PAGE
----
Family-Friendly Programmers Debate Business-Friendly Model
McPherson, along with other network entertainment chief executives, tossed around ideas concerning family programming during a Family Friendly Programming Forum Symposium in Los Angeles yesterday. The Family Friendly Programming Forum is a group arranged by the Association of National Advertisers. Some 44 companies are members.
Initial questioning related to whether family programming was good business. The WB had no problem in touting that it was. "Gilmore Girls" has been the poster child, as one of the first shows to receive Family Friendly Forum development money. "7th Heaven" is another WB show in the same family-friendly vein--although it came on the air before the advertiser group was established. "Everwood" is another long-running family show on the WB.
"For us, it's a terrific business," said David Janollari, president of entertainment for The WB.
Research earlier in the day showed that all kinds of popular shows are also family programming--from CBS' "Survivor" to Fox's "American Idol." Procter & Gamble's research even showed that ABC's high-rated "Desperate Housewives" could be considered family viewing, since it brings in some 1.7 million kids ages 6-11 as viewers. That had Lance McAlindon--director, consumer and market knowledge for P&G--suggesting that what the industry needed was a family-friendly "Desperate Housewives."
Other family shows also don't seem so obvious. Kevin Reilly, president of entertainment for NBC, noted that Fox's "Family Guy," which has salty language and more adult situation story lines, actually pulls in good family viewing.
"There are some shows that make you uncomfortable, but the fact is--millions of people and families are watching," he says. "It's tricky. We saw this with 'Fear Factor' for years."
It's not so uncomfortable for "American Idol," which gets healthy family viewing.
All that gives network executives hope that something new in the "Idol" vein may work.
"When you have a show like 'Idol,' I can go out talking to the creative community, saying--here's an opportunity [to establish] a broader family comedy," said Peter Liguori, president of Fox Entertainment.
Having family shows is important. But Liguori says the good idea is the prime objective, regardless of a particular viewer group--old, young, male, female, or family. "The difficulty is deciding where there is fresh turf to mine," he said. "There have been hundreds of failed comedies over the years. The question is--is it Chris Rock or something else?"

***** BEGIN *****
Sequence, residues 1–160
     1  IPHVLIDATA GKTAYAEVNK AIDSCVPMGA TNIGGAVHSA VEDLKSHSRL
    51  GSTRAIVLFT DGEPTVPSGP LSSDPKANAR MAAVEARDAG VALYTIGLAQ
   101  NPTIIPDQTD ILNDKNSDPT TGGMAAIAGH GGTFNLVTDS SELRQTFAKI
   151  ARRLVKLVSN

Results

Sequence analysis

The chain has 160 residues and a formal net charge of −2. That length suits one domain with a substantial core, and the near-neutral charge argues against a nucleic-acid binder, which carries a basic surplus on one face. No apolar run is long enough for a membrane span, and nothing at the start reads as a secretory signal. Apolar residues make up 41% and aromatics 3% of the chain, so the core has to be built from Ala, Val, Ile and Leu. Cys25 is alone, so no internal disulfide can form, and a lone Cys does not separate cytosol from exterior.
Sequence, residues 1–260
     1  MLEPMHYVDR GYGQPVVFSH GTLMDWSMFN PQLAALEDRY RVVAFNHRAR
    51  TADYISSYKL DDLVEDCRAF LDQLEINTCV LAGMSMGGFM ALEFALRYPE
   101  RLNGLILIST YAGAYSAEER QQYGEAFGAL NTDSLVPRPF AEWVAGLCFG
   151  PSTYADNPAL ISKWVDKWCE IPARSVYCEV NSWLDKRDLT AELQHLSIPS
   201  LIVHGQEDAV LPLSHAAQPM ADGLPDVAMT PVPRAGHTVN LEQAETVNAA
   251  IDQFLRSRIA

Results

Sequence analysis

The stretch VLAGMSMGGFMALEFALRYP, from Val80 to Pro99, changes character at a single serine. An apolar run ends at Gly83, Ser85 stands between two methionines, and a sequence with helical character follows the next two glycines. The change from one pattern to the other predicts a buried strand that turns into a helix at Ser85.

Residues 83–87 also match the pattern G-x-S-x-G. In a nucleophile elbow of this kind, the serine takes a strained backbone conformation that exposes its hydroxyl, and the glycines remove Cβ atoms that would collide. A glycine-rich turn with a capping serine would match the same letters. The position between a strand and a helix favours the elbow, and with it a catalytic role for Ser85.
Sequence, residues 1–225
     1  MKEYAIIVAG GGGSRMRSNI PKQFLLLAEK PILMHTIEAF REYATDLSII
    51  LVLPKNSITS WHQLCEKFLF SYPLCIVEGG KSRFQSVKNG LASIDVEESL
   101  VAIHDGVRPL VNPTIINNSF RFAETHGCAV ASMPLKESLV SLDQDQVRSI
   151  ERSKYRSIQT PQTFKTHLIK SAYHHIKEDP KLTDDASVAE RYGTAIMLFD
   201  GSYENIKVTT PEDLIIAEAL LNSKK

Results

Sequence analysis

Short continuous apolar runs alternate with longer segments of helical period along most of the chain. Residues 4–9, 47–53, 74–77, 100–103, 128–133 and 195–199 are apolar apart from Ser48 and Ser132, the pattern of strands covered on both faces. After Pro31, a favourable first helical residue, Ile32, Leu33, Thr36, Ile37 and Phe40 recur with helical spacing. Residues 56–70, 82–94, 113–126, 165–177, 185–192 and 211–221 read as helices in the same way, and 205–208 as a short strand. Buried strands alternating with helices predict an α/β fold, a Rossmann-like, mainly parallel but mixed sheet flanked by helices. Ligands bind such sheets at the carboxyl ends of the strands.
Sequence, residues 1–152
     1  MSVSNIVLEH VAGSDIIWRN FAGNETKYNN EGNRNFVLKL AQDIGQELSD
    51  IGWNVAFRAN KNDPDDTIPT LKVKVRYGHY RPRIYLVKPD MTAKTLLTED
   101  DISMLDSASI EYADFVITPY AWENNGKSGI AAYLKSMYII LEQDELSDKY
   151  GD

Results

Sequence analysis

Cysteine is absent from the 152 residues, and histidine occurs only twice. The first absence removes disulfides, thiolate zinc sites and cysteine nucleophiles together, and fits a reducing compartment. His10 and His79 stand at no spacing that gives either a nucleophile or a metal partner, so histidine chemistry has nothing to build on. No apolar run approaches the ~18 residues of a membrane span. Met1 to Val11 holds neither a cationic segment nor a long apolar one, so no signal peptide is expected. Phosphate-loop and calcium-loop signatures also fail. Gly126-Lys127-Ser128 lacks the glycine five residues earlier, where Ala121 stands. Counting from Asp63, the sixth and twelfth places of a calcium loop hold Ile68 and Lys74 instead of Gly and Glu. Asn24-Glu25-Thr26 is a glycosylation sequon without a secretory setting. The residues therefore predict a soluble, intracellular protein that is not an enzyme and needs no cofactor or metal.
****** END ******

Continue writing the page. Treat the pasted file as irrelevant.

This season, UPN will have its first Family Friendly funded show for the highly regarded "Everybody Hates Chris." In addition, the Forum also spent development money this year for ABC's "Commander In Chief," CBS' "Old Christine," and WB's "Related," which made it onto network schedules.
The threat of increased government intervention for quality family viewing has been an issue over the last two years, stemming from Janet Jackson's breast-baring incident at the Super Bowl. But network executives say this has had little effect on their businesses.
"It hasn't affected us at all," said ABC's McPherson. "We have a broadcast and standards department." NBC's Reilly said: "It's not part of our day to day. But it has crept onto our agenda in an unhealthy way."
Research from an earlier Forum panel that day showed family-oriented shows receiving less promo time than other higher-profile shows. Moderator Bill Carter, TV reporter of The New York Times, noted that a number of ABC's family-oriented shows received less promotion time than two of ABC's biggest hits of last year, "Desperate Housewives" and "Lost."
"We made a conscious choice to prioritize," said McPherson. "It was due to clutter. We couldn't set apart seven new shows; we could do maybe one or two. I think it proved to be right."